The Christmas Bike
By Jeanne Robertson

I love this man. He is my best friend.
But every Christmas I am reminded . . .

There are many nice adjectives I can use to describe my husband Jerry - words such as dependable, funny and intelligent. Two other words are “financially frugal.” In our house we spell “financially frugal” C-H-E-A-P.

On one of our first dates in 1963, Jerry and I went to what was then "Jim's Tastee Freeze" in Graham. I got a cheeseburger; Jerry ordered a plain hamburger. "Don’t like cheese?" I asked. Oh no, he loved cheese, but the hamburger cost 25¢ and the cheeseburger 35¢. (Nice prices, huh? 1963.) "The ten-cent difference is a 40% increase in price," he explained. "I’ve never seen a cheeseburger that was 40% better than a hamburger." Looking back on it, I think I sensed that was peculiar, but at that age, I thought he could be fixed. Wrong.

Please understand that Jerry is most generous if someone else needs help, but he keeps that kind of giving quiet. He says if no one knows, we’re giving for the right reasons. He spends very little on himself and when we married, he figured that would work for me too.

For years, he talked me into a ten-dollar limit on Christmas gifts to each other. I agreed because I was young and because it made him so happy. It was an annual contest. The winner was the person who could sque-e-e-eze the best gift out of ten dollars. There was no prize. One of us just "won" for the year. As I said, I was young.

After years of odd gifts, I called a halt to the game. That was the year he gave me three place mats; three, to stay under the monetary limit. I later found six more at the bottom of his sock drawer, already wrapped for the next two Christmases. We could afford more expensive, personal gifts and I told him so. The next year I received a drip coffee maker and learned that Jerry considers a cup of coffee a personal thing.

I finally realized that I needed to openly hint for what I wanted, which is what I did in 1985. I wanted a stationary exercise bike. Not just any bike. I wanted a Schwinn Air Dyne. At that time it was top of the line, creme de la creme, expensive and what I wanted. To avoid any possible error I found the bike and told Jerry the place and the price. When he heard the amount, he immediately changed his opinion of out-of-shape thighs and started telling me how good I looked. His financially frugal mind simply couldn’t justify spending “that much money” on something he thought I would use about a month.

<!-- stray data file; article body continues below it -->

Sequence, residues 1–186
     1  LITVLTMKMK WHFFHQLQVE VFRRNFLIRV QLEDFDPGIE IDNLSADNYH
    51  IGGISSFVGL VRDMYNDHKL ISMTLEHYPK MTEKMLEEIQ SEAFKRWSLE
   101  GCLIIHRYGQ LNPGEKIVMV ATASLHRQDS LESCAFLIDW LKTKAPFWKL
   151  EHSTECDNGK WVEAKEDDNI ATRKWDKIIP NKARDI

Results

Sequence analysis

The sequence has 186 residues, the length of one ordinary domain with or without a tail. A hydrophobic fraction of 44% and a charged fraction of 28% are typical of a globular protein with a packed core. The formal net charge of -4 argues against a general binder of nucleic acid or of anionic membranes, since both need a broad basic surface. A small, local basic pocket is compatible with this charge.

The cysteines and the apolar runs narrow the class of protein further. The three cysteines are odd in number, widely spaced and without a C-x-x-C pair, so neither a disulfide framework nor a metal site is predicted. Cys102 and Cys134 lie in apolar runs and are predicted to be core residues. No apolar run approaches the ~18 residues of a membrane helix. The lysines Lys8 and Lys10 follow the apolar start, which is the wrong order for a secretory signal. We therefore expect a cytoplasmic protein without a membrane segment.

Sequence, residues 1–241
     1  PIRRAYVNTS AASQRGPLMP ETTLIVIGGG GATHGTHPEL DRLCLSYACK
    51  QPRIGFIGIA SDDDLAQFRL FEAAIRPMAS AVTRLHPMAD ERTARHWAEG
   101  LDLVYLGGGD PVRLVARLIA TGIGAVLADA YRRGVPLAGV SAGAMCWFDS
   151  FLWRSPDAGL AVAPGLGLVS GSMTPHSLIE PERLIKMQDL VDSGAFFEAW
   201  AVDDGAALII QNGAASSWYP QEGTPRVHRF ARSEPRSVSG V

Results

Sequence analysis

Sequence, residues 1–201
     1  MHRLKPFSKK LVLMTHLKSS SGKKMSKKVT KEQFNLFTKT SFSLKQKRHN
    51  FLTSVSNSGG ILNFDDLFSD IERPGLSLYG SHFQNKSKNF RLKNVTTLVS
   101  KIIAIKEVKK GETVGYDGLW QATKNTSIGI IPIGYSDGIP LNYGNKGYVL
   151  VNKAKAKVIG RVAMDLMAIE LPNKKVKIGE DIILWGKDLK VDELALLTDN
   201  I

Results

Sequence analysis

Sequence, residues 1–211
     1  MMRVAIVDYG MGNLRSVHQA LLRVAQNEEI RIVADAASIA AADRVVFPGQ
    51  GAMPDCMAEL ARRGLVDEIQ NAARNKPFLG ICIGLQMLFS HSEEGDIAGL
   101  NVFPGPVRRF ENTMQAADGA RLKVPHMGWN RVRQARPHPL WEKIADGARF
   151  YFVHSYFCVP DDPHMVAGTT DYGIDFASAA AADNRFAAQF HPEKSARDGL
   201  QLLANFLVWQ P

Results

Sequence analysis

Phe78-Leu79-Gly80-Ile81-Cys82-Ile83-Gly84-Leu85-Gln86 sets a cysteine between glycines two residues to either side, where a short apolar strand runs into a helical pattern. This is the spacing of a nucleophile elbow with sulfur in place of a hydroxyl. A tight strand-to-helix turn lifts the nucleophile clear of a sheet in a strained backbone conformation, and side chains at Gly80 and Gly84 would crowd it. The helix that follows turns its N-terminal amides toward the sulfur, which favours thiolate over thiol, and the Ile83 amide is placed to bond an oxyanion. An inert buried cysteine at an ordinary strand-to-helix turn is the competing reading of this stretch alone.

I mentioned all this to my assistant Toni who said immediately, “You can forget that bike. You-know-where will freeze over before Jerry spends that much money on a piece of exercise equipment.” It became a running joke in the office. “Can I put this box over here or should we save this space for the Schwinn Air Dyne?” Ha, ha, ha.

You can imagine our surprise when Jerry pulled into the driveway on the morning of December 21st with the Air Dyne sticking out of the trunk of his car. Toni saw it first and announced, “They’re ice skating in you-know-where.”

When he brought it in the office Toni and I raved. We complimented him. We gushed. I thanked him profusely. Jerry just stood there. Finally he said, “Well, Merry Christmas” and left the office. Every time he passed the door the rest of the day one of us would sing out, “There’s the man who gave the perfect Christmas gift” or “There’s the man who is so generous.” We were setting him up for the next year.

Late that afternoon I became aware that Jerry was standing quietly at the office door. Like a little boy admitting he took the candy, he mumbled, “I didn’t buy the bike. I got it for thirty days.”

“Thirty days? You . . . you rented my Christmas present?”

“No, I didn’t rent it. I paid for thirty days. If we want to buy it after January 21, I can apply what I’ve paid to the purchase price or we can take it back. I didn’t think you would use it more than thirty days. But I wouldn’t say I rented it.”

“I would.”

“I figured you would.”

I rode the Christmas bike twice a day for thirty days. Now, 23 years later, it still stands proudly in the corner of our bedroom, serving our household as it has for all these years.

It’s where we throw our clothes.

Reprinted with permission from Alamance Magazine.
Jeanne Robertson, professional speaker and author, can be contacted through